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I try to solve a binary text classification problem using sklearn's Tfidf Vecotrizer and a naive bayes classifier. Before I pass the training/test data to the vectorizer I do some text preprocessing. I thought that would increase the performance compared to non preprocessed text. However, the performance did not increase, but actually decreases.

The text that should be classified comes from different PDFs, therefore the text can include unwanted characters/examples like bullet points, dashes if there is a line break or headings. I consider all of that to be noise in my data so I deal with that with some preprocessing.

The text preprocessing consists of the following steps:

  • lowercase everything
  • remove unwanted characters (punctuation, white spaces, bullet points etc.)
  • remove stop words (using spacy's built in stop word list)

Prior to the preprocessing I do a 80/20 train/test split on the data and pass it into a sklearn pipeline consisting of an Tfidf vectorizer and naive bayes classifier. Finally, I run a GridSearch on the pipeline in order to find a good set of params. The performance of the best classifier's performance is reported with classification_report.

In order to see how much of an improvement I gained from the preprocessing, I passed the raw text data to the pipeline. However, the classifier that is trained on the raw data outperforms the classifier that is trained on the processed data.

I assumed that the performance should increase since I kind of normalise my data. Has anyone some advice on why this is the reason? Maybe my assumption is already false or my interpretation of the result is false?

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    $\begingroup$ Welcome to DataScienceSE. Questions: how many features and how many instances? What are the parameters optimized by grid search? It's likely overfitting, very common with Naive Bayes. $\endgroup$
    – Erwan
    Sep 11, 2023 at 11:41
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    $\begingroup$ What are the two classes? In some cases stop words are the best predictors. $\endgroup$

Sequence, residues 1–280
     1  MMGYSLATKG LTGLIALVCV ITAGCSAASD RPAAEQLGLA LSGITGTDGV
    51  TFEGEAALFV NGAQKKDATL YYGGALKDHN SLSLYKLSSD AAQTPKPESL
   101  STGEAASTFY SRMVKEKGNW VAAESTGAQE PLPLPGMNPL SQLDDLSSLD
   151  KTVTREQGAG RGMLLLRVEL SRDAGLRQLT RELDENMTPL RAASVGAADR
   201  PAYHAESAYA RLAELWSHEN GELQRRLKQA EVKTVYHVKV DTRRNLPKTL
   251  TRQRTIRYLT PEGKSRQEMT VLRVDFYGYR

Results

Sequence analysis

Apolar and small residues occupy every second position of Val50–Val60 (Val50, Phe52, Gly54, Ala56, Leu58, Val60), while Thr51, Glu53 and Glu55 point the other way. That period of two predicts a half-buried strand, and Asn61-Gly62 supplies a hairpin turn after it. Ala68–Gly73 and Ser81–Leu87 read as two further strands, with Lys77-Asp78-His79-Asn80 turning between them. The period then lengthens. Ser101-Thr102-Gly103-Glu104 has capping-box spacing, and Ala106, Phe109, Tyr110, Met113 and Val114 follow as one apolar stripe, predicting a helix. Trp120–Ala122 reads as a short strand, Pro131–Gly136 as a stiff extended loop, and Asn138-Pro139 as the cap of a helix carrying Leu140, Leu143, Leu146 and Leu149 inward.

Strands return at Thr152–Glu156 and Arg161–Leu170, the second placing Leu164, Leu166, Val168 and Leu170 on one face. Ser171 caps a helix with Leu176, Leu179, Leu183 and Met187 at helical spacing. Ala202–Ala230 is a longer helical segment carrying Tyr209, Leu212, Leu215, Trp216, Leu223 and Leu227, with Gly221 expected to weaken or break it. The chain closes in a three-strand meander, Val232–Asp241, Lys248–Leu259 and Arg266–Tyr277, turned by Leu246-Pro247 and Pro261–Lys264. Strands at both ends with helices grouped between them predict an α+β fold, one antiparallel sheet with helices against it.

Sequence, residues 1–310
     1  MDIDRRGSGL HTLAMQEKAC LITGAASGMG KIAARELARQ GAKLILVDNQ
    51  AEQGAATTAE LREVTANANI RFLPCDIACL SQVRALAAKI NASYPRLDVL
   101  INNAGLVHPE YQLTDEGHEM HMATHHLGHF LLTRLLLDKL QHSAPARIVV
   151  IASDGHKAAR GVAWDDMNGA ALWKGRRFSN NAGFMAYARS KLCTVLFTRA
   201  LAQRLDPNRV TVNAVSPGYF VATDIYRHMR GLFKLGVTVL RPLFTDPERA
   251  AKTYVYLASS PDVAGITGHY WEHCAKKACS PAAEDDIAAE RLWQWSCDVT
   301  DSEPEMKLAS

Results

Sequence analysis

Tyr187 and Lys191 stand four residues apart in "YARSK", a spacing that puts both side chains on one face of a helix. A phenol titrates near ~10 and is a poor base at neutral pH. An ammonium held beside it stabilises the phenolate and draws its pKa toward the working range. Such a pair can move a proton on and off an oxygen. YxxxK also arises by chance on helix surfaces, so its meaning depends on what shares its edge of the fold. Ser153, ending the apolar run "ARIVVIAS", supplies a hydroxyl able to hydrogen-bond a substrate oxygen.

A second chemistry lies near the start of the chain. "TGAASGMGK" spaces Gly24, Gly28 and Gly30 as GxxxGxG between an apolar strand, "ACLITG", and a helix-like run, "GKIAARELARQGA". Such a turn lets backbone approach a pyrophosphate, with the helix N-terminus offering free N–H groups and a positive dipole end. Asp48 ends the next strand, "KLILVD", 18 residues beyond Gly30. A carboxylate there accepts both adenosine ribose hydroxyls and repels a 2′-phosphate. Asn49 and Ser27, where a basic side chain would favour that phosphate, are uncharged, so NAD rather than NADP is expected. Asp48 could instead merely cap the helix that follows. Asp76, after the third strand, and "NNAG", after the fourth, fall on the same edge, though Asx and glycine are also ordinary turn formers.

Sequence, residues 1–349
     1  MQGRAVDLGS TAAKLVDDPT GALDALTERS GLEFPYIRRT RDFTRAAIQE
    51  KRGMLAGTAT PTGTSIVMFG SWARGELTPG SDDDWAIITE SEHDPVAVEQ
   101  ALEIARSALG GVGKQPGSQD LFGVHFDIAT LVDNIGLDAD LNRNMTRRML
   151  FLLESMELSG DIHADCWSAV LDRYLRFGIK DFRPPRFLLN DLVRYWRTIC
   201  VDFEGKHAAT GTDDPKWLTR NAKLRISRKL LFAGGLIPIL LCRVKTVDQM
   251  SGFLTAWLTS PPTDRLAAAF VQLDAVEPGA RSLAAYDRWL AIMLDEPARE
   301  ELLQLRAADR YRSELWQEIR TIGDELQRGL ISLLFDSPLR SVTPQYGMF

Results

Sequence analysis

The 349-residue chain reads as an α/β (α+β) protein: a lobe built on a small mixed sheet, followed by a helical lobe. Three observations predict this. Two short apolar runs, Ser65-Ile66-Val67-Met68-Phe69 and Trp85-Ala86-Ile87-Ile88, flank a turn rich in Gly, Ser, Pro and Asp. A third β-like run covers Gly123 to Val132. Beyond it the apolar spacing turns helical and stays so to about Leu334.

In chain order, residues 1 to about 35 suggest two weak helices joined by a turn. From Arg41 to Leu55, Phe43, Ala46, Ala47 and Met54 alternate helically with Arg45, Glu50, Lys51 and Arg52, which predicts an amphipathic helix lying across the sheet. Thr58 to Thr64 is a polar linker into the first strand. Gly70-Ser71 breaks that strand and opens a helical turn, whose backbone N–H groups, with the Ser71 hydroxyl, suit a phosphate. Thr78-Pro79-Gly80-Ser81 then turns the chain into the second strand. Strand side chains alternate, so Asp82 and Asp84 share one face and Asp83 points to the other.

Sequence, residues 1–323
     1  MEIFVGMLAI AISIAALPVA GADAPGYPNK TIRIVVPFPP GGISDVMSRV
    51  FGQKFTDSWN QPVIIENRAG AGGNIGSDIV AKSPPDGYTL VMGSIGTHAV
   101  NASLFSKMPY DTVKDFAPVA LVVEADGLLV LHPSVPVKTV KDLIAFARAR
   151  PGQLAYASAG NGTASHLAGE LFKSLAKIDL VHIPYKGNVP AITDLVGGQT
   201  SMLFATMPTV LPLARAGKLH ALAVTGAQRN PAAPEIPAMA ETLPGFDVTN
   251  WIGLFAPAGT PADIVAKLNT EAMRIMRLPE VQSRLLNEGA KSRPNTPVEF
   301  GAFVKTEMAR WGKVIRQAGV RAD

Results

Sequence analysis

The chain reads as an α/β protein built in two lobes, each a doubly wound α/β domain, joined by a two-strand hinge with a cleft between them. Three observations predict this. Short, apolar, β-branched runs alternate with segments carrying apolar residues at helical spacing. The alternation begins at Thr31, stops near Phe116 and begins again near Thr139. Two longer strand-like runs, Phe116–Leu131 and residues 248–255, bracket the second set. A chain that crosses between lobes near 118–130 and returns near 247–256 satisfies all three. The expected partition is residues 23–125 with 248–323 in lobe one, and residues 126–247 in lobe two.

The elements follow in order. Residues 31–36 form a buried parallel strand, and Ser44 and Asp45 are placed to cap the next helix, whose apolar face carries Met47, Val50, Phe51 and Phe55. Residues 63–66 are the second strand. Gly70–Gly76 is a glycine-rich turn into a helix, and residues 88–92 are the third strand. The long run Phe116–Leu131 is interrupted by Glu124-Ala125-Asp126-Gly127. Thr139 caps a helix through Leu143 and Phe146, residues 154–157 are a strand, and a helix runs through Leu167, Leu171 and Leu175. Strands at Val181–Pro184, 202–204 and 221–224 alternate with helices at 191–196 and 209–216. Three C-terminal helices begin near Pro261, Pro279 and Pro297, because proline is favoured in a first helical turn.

– gergelybat
    Sep 13, 2023 at 8:01
  • $\begingroup$ @Erwan The document-term matrix is (1182, 5994) for the preprocessed text and (1182, 9182) for the raw text. The parameters I optimise are max_df, min_df, ngram_range and norm for the vectoriser. For the classifier I only optimise the alpha. I was following this tutorial $\endgroup$
    – MC Racoon
    Sep 15, 2023 at 13:32
  • $\begingroup$ @gergelybat I try to classify text that includes some kind of instructions, so e.g. "Place the book on the table" would be class 1 and something like "The sky is bright" would be class 0. I just tried to leave out the stop word removal and now the classifier processed text (i.e. lower cased and removal of special characters) actually outperforms the raw classifier. As you suggested this might hint that too much is removed. I'll try to curate a custom stop word list and see if that gains the desired performance improvement $\endgroup$
    – MC Racoon
    Sep 15, 2023 at 13:51

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My guess is that your model overfits, i.e. it learns details which are in the training set by chance. So the model is likely not stable, i.e. it would be very different if you change the training set only a little bit. As a result the performance you obtain is probably meaningless.

  • Rule of thumb with text: there should be (much) less features than instances.
  • The rare words/features should be discarded ruthlessly, in order to prevent the model from relying on extreme probabilities which happen by chance. This is especially true with Naive Bayes, which tends to overfit very easily.
  • You should avoid optimizing min_df, because you can obtain a high performance by chance by taking into account rare words/features (low min_df). It's better to set min_df to a high enough value, e.g. 3 or 4, in order to discard the rare features as explained above.

The target task requires the model to capture the semantics of the full sentence, this might be too hard for a traditional bag-of-words approach. A possibly better approach would be to take into account the syntax, but this is more advanced.

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